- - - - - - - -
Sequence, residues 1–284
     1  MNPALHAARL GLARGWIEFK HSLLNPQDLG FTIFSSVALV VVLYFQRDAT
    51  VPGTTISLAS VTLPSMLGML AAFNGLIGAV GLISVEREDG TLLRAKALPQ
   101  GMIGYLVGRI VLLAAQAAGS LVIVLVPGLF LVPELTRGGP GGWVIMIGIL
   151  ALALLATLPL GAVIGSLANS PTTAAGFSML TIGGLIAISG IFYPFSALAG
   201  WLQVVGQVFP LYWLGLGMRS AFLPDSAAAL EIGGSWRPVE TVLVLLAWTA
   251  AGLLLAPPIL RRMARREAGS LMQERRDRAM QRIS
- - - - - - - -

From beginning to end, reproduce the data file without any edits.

Sequence, residues 1–284
     1  MNPALHAARL GLARGWIEFK HSLLNPQDLG FTIFSSVALV VVLYFQRDAT
    51  VPGTTISLAS VTLPSMLGML AAFNGLIGAV GLISVEREDG TLLRAKALPQ
   101  GMIGYLVGRI VLLAAQAAGS LVIVLVPGLF LVPELTRGGP GGWVIMIGIL
   151  ALALLATLPL GAVIGSLANS PTTAAGFSML TIGGLIAISG IFYPFSALAG
   201  WLQVVGQVFP LYWLGLGMRS AFLPDSAAAL EIGGSWRPVE TVLVLLAWTA
   251  AGLLLAPPIL RRMARREAGS LMQERRDRAM QRIS